Justin Ehringhaus ’16 has received a prestigious scholarship to study in Japan for a year. He’ll return to graduate from Bowdoin next year.
Ehringhaus recently replied to questions about his year ahead, what sparked his original interest in Japan, and how he has pursued Japanese at Bowdoin.
Talia Cowen ’16: Can you tell me about the Monbukagakusho scholarship? What does it entail?
Justin Ehringhaus ’15: The scholarship is one of several awarded by Japan’s Ministry of Education. The one I applied to is for undergraduate students (around the world) who are interested in furthering their Japanese language skills and engaging in research related to Japan. It entails a year of intense language study at a university in Japan. An end goal of the program is to be able to pass the Japanese Language Proficiency Test (JLPT) at the N1 level (most difficult), which is essential to most careers requiring Japanese proficiency. Another is to write a significant paper on a topic of interest, and to present it at the end of the program. The scholarship covers all costs such as flights and tuition, and includes a generous monthly stipend to cover living costs, etc. I will be studying at Hiroshima University. I plan to research social precarity in Japan, and I am especially interested in investigating the role of NPOs in areas such as immigrant and refugee education.
TC: When did you become interested in Japan?
JE: Early on in high school, my social studies teacher and advisor Joe Grady noticed my burgeoning interest in Japanese history and literature. He inspired me to pursue these interests by, just for one of many examples, suggesting that I read Hersey’s postwar book Hiroshima as part of a class project. My interest in Japanese language soon followed, and I began teaching myself outside of school as best as I could. The opportunities to use Japanese in Maine, however, are finite, and thus the concept of studying abroad began to consume me. I envisioned what it would be like to say goodbye to my home and family — my “roots” — and to become immersed in another language and culture. My parents and school offered tremendous support in helping me to pursue my dreams, and I departed to spend my senior year abroad in Kumamoto, Japan through CIEE. This experience was all that I had hoped it would be, and more. I became incredibly close with my host family, participated in clubs such as karate and gymnastics at my high schools, and became more proficient in Japanese.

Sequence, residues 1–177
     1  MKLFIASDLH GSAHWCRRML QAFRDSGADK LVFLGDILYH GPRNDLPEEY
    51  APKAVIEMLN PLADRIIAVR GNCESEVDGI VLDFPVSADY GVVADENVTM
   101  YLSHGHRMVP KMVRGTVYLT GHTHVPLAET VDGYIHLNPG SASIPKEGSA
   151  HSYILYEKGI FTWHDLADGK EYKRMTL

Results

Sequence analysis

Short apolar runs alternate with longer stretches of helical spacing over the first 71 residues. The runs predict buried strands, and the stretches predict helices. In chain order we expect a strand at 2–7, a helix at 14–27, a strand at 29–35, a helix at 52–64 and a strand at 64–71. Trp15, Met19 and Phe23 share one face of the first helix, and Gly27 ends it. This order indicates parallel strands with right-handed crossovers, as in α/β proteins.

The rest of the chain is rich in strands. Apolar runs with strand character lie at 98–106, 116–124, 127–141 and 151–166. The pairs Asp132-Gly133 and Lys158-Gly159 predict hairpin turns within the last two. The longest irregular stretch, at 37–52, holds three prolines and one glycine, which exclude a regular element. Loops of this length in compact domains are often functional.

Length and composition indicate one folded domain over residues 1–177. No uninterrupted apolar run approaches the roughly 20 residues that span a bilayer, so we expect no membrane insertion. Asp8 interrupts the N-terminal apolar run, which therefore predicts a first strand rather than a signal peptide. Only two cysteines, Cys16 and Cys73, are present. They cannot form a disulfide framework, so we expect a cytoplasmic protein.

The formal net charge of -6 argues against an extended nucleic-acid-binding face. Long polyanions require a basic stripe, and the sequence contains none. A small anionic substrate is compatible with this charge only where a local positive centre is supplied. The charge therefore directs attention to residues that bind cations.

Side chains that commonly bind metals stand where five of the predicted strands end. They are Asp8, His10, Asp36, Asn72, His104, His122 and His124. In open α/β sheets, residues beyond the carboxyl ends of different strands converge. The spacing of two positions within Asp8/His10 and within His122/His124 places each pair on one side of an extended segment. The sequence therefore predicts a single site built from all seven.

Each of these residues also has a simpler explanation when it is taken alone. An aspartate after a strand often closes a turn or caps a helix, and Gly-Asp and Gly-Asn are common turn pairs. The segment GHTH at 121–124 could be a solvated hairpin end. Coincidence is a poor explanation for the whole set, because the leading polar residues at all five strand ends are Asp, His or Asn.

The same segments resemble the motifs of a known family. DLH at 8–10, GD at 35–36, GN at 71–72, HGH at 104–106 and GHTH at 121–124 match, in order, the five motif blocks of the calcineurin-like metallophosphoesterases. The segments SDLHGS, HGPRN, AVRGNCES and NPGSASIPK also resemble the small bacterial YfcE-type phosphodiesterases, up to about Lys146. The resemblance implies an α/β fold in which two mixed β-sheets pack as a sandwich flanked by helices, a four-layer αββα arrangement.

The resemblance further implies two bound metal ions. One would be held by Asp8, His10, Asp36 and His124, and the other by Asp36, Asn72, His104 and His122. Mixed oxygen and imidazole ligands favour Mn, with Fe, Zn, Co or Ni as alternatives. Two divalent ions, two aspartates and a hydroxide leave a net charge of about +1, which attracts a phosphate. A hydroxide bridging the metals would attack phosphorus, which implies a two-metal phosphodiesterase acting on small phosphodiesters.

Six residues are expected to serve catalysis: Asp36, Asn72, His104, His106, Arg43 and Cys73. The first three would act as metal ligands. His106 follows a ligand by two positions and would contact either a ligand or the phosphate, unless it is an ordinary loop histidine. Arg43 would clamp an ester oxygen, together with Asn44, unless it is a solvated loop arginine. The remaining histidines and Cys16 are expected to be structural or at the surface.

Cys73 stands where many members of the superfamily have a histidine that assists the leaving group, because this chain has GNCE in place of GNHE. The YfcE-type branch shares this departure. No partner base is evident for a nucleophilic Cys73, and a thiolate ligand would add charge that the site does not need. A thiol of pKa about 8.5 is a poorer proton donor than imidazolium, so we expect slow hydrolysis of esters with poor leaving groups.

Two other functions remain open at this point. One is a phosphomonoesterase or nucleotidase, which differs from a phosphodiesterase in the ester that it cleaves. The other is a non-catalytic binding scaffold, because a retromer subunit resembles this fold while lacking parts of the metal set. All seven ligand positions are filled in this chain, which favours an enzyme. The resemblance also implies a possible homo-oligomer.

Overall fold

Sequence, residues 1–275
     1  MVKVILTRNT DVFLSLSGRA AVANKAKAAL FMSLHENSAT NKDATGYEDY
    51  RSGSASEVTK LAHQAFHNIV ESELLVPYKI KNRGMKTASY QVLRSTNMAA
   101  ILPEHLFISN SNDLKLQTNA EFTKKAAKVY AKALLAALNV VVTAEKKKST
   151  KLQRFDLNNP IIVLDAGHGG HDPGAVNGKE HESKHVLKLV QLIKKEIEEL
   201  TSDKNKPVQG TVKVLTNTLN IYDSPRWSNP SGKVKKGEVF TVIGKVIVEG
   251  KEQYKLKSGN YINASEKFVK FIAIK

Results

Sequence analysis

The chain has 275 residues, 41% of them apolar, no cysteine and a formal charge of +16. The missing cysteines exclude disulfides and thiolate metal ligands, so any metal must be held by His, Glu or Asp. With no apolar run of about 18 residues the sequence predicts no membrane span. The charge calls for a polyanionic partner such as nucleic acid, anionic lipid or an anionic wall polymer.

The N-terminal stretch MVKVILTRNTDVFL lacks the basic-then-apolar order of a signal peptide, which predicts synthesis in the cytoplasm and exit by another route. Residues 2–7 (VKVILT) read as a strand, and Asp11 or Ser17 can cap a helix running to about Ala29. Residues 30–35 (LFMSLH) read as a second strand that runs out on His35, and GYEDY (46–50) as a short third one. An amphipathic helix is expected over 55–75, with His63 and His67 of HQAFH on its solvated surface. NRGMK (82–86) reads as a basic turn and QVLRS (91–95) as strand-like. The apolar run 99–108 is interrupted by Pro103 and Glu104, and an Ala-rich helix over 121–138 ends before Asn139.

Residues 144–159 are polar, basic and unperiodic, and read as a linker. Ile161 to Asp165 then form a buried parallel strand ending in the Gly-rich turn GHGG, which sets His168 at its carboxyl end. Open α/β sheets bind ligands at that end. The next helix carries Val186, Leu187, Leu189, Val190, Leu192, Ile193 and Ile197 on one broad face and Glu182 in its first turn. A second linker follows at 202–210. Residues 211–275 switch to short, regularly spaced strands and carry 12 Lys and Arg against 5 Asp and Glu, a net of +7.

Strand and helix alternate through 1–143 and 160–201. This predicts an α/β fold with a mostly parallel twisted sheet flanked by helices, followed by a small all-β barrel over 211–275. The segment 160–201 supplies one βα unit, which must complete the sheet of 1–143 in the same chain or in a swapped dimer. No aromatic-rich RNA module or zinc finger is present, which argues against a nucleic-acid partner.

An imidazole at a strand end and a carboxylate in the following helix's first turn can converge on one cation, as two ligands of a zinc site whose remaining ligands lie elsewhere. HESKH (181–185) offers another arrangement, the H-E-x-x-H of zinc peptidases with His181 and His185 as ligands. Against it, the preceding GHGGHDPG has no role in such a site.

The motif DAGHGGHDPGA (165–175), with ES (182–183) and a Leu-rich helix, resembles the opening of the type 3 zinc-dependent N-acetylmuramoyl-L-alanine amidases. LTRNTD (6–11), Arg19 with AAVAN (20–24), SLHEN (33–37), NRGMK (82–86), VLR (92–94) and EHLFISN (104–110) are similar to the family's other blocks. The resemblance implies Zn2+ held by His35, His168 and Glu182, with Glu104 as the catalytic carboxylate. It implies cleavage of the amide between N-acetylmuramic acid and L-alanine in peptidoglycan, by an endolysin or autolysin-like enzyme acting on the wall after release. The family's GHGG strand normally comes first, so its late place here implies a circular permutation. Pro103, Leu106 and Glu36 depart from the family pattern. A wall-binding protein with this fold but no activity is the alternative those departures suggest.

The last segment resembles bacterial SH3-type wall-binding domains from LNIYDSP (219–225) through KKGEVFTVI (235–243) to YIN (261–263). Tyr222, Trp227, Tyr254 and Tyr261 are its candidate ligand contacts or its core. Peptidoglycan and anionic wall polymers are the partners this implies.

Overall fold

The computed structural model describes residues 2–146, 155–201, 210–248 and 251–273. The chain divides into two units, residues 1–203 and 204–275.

TC: How did you engage with that interest while you were at Bowdoin?
JE: What Bowdoin offers in terms of academics has been exceptional. The Japanese language program is both rigorous and engaging, and the professors are the best imaginable. I have also greatly enjoyed what the Asian Studies department has to offer besides language, and I have taken classes in everything from politics, history, religion and literature.
As for outside the classroom, the past three semesters I have been part of “Oshietai” (meaning “Teaching Team”), helping to conduct a basic Japanese language course for elementary school students at Harriet Beecher Stowe in Brunswick. Every week I meet with Professor Aridome and several other Bowdoin students to discuss curriculum, activities, and how to improve in our teaching. Although I had never previously imagined myself at the head of a classroom, the experience has been motivational for my own language studies, and it has also been rewarding to me as I begin to consider different career possibilities. I have discovered that working with children is something that brings me great joy.
TC: What do you hope to achieve through this scholarship? How does Japan and this scholarship fit into your future goals?
JE: In some ways, I still feel like my high school self. That is to say, the next step in this path is anything but clear — and I am anticipating that my first step onto the plane to Japan will give me a familiar sensation of insecurity and excitement all bundled into one, as it did when I was a high schooler going abroad for the first time. In other ways, though, I feel much more prepared this time. I am keen on trying out certain courses, engaging in particular research, and seeking out specific volunteer opportunities. I also hope to achieve the most in terms of my language studies.
All of this, I believe, will give me greater perspective on, and insight into, my own (personal, academic, and career) interests. By the time that I return to Bowdoin as a senior, I hope to have a better understanding as to whether I would like to pursue further research in Japan (i.e., through Fulbright) or teaching opportunities (i.e., through the JET program)—or maybe it will both!
The year is a year to explore and to grow, and I am ecstatic for it all.